Being over-worked isn’t anyone’s fault but your own

 Prentice Mathew PorterIn this guest post, Prentice Porter argues that if you are being asked to work unreasonable hours, it is your responsibility to say no.

I write this knowing it won’t be a popular sentiment, but I couldn’t think of a better way to phrase it. Within six months, two young creatives quite literally worked themselves into an early grave.

After the death of Mita Diran last week it seems the industry is now beginning to realise that we have a problem. Not only are people being exploited well beyond their contractual hours, but their health is suffering to such an extent that many people are falling very ill indeed.

Thus far, the industry response to the tragedy has been dismal. The death of this poor girl will no doubt fair the same as the last incident (Li Yuan) a few months ago who died in similar circumstances – and will be forgotten in a matter of weeks while everyone rushes to complete whatever deadlines preoccupy them. Corporations remain quiet, and employees – while outraged – do nothing.

When unfortunate events like these take place, there’s a tendency for a collective abnegation of personal responsibility, and to instead point fingers at almost every other possible factor. “Failure of account management” one article read, “poor leadership”, “unreasonable clients”. Nobody would deny that these are problems, but the underlying reason people are being over-worked is because you (the workers) just won’t say “no”.

I’ve seen it time and time again – a few prominent leaders implore other industry leaders to take measures in introducing policy to ensure tragedies like the two we’ve witnessed don’t reoccur, only for them to fall on deaf ears as deadlines continue to roll in and clients remain as unsympathetic as ever.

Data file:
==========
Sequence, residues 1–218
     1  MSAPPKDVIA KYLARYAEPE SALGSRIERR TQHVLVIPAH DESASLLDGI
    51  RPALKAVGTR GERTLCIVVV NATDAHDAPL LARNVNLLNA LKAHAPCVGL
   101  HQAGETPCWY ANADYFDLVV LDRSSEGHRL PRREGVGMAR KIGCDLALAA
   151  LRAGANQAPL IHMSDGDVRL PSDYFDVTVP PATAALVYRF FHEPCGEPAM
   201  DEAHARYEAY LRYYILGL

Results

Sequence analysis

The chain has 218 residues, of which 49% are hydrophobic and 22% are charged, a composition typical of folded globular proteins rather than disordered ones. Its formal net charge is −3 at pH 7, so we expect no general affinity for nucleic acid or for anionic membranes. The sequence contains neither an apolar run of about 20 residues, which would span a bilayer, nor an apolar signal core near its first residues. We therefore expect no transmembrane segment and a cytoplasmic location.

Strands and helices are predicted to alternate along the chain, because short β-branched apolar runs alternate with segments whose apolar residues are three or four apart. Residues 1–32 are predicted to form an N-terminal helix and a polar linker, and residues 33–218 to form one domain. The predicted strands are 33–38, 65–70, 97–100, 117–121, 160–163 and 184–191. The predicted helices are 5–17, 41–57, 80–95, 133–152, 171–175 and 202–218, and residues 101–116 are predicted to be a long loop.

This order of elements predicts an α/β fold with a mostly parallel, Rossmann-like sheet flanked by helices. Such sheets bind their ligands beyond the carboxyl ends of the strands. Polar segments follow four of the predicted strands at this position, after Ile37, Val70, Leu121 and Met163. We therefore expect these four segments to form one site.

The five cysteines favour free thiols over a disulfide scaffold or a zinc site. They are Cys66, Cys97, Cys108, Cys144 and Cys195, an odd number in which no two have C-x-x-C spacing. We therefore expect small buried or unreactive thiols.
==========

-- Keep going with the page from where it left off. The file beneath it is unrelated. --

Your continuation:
The inherent contradiction and stupidy within most agency management is their eagerness to enforce start times – often referring to contractual agreements – all the while completely ignoring contractually agreed finishing times. If anyone has forgotten, the contract you signed mandates an eight-hour working day. Not 12, or 16 as some would have you believe.

Look at any movement in history: the abolishment of slavery, the enlightenment, gender equality, the American Revolution, the labour movement, rights for homosexuals, anti racial discrimination – and you’ll see that not in a single instance were rights ever given without a fight. Usually it’s a long and arduous battle, and it only begins with those who are oppressed. And believe me, you are oppressed.

If you don’t want to hear it, tough, it’s a fact. You only get the rights you fight for, and relying on management or industry leaders to hand them to you is a sign of servility and complacency – not to mention an exercise in futility. Until you’re willing to stand up for change, don’t expect any.

I worry that many people in our industry will continue to suffer unnecessarily until there’s a fundamental change in attitude, and with people falling ill at the rates they are, I think the time is now. You don’t just owe it to yourself, you owe it to those who don’t quite have the courage to stand up for what has to happen, and also to the newcomers who are vulnerable to the harsh world they’re entering.

So I urge this industry – not CEOs, not GMs, not CDs, but the copywriters, art directors, designers, programmers, traffic managers and everyone else who spends their nights at their office desk rushing an impossible deadline that’s been imposed on them; to power down, go home, and let your immediate supervisor explain to the client why they haven’t managed their deadline properly. If everyone adopted this approach, a chain reaction would (and will) occur, and we’d be working in a very different industry.

An active and free labour movement is one of the most crucial elements in the maintenance of democracy and economic development. Get yourselves organized and stop being complacent. Isn’t it time?

How much of your health are you willing to sacrifice? How many birthdays and anniversaries are you prepared to miss? How many nights are you willing to spend slumped over your desk for a deadline you had no say in deciding? Grow up and speak out. Make it a group effort. Set up a trade union. I promise you you’ll not lay on your death bed in your last hours wishing you spent more time in the office. Stop working yourself to death. It’s such a horrible waste of life, and you only have yourself to blame.

I’m going home because it’s almost 7.30pm. You bloody well should too. It’s your right.

Prentice Mathew Porter is a senior art director at Digital Arts Network Singapore


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